Today’s free noon-hour concert in the Richard Bradshaw Amphitheatre (the upper lobby of the Four Seasons Centre) offered a rich pairing of matched works, presented by the Array Ensemble & a pair of sopranos. Today feels especially like a preparation for Barbara Monk Feldman’s Pyramus and Thisbe, an opera that gets its world premiere October 20th with the Canadian Opera Company. A concert like this one feels like a win-win partnership, exposing the magic of Array’s music to a broader audience, helping COC fans to explore outside their usual comfort zone, while helping introduce a style of music we will be encountering shortly.
The first work was Linda Catlin Smith’s Hieroglyphs (1998), using violins, cello & percussion and soprano Brooke Dufton. I’m tempted to look up the meaning of “hieroglyph”, given that the text was assembled from definitions in dictionaries dating from 1859, 1906 and 1939. I think it’s fair to say that the text aims to capture something from another time, not unlike the picture-words embedded in a wall as hieroglyphics. That notion of a fixed paraphrase –something embedded in a wall—places the composition beyond the usual realm of interpretation. Sure, Dufton sings, and Array’s Artistic Director Rick Sacks led the players through the score. Yet we’re not in that kind of exuberant vivid enactment of life, not experiencing opera nor even a ballad or song, but into a reified place of reflection and ideas about things. It’s a quiet place, one where the singer is a gentle medium, and you wouldn’t expect ringing high notes. There were indeed two songs (as I recall: if they should even be called “songs”) that took Dufton to each extreme of her range, but it was a calm traversal of that remote place, done without drama or tension.
As this is my first concert of the season I may be overly fulsome in my response simply because I have missed these daylight explorations. At one point an ambulance siren added a charming obbligato voice to the composition we were hearing. Both pieces on the program dialled the dynamics down several notches, quieter than what most of us usually experience, especially in an opera house, where virtuosity usually manifests itself via extroversion and flamboyance. I have to wonder if virtuosity is merely out of fashion or completely over, listening to this mature kind of expression, as though the species has outgrown ego and the performer’s egomania, the need to belt or blast, and instead is in a tranquil place of reflection.
One can dream.
While this might be the longest such concert I’ve ever been to (the COC concerts normally start at noon and end before 1:00, whereas this one went past 1:00): I didn’t want it to end. I believe any art implies an interface, as we learn how to watch & listen in the encounter. I experienced a kind of altered reality, surprised at how the time had gone, and listening extra carefully to every quiet little nuance. I have to think that if I could have gone back to the beginning with the ear I had at the end, I would have been more appreciative, more sensitive. I hope i remember this when i see the opera later this month.
I think –but can’t be sure—that Smith’s composition was the longer one on the program, at least based on the number of words in the program. Yet I totally lost my sense of time, listening to the second composition, Barbara Monk Feldman’s The Love Shards of Sappho(2001). I was reminded of the way I felt the first time I heard the ending to Mahler’s “Der Abschied”, the last of the songs in his Lied von der Erde, with its repeated patterns of notes, and oh so gradual diminuendo, as though one were lost in a slow sunset that is a long goodbye. She might hate the comparison, given that I am speaking of a piece with a telos and a genuine sense of ending, whereas I think Feldman’s piece has even more of a labyrinthine quality: where we are very gently disoriented, among very soft sonorities, safely enclosed and protected.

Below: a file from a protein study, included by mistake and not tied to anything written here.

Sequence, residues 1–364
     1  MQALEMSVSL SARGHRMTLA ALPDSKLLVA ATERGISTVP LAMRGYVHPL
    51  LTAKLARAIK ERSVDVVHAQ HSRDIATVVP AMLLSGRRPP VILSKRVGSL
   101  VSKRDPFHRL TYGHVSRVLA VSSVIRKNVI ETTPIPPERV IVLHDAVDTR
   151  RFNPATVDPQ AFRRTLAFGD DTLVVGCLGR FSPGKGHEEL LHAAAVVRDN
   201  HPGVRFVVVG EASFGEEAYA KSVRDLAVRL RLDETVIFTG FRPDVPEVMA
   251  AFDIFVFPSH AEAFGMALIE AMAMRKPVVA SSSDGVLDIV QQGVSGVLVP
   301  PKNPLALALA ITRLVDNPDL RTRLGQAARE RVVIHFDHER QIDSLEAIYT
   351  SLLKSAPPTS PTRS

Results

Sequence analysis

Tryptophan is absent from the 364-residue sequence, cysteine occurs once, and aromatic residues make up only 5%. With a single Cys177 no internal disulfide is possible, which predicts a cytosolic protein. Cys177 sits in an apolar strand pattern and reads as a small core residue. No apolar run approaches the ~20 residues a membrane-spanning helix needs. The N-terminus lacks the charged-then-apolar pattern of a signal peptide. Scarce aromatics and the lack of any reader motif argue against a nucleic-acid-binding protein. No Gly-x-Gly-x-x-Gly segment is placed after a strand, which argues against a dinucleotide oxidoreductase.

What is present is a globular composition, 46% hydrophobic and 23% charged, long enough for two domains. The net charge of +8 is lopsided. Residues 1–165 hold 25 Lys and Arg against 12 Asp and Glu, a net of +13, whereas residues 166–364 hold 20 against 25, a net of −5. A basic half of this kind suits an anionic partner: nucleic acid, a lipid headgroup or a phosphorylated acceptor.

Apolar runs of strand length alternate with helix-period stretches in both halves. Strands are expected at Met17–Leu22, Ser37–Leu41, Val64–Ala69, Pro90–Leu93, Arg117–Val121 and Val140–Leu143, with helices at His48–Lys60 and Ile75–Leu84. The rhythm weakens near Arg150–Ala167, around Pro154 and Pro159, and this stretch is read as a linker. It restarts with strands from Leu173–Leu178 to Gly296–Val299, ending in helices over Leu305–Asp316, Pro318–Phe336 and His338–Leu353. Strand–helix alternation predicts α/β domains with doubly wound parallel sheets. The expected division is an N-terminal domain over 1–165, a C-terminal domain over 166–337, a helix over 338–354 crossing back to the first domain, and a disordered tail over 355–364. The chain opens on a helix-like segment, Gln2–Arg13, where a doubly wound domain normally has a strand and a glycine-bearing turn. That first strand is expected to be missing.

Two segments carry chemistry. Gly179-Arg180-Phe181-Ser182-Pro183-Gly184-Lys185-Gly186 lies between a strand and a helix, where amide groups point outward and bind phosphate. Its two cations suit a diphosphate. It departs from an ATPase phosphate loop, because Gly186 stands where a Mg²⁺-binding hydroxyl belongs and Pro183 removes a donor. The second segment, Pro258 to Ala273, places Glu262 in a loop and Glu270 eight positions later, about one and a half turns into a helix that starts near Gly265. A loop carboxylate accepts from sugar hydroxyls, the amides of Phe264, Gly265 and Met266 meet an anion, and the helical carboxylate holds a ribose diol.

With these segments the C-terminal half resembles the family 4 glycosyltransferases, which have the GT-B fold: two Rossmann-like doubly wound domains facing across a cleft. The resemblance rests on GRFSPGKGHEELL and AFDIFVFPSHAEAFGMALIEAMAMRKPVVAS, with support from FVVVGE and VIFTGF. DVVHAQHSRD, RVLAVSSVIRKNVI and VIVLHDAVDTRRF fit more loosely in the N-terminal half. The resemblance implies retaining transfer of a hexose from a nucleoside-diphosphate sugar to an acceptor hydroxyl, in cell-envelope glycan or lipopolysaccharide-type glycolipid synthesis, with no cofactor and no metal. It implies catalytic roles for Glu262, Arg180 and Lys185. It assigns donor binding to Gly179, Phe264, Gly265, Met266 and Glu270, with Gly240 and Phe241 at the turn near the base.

At the risk of projecting –in a program with two women singing works by two women composers—I find myself embracing the alternative that I think they present to the masculine option, where we are in a realm of soft sounds that are not required to be explicit or dramatic, where the expression seems to transcend ego. We are on the boundaries of meaning, sound for the sake of sound, beautiful sounds that signify, but also, sounds that simply are. The chunks of the various words are genuinely shards, as though the words were fragmented. Is this merely the arbitrary syntax of the composition & its procedures, or rather the fragmentation of experience itself? Or of love? I can’t say. There is also the element of history –again—as we might wonder if Sappho’s text, paraphrased millennia later in this form, must inevitably shatter, an encounter across distances of miles & years, meaning failing like a soap bubble stretched too far.
Feldman’s piece is for a violin, clarinet, piano & percussion, plus soprano Ilana Zarankin, who sang with such remarkable softness for such a long time, I went into an altered state. I am reminded of what Phillip Addis said in our recent interview, which now makes a great deal of sense:
Singing Pyramus and Thisbe is challenging not in its virtuosity but in its minimalism. In rehearsal we are striving for such a spare aesthetic that we are having to let go of habit, ego and expectation in order to participate in any given moment. There is very little dynamic variation and the range of my part is just an octave, meaning that any move towards the extremes of these narrow parameters is more deeply felt, like one wave on otherwise still waters.
I can’t wait to see Feldman’s opera later this month.
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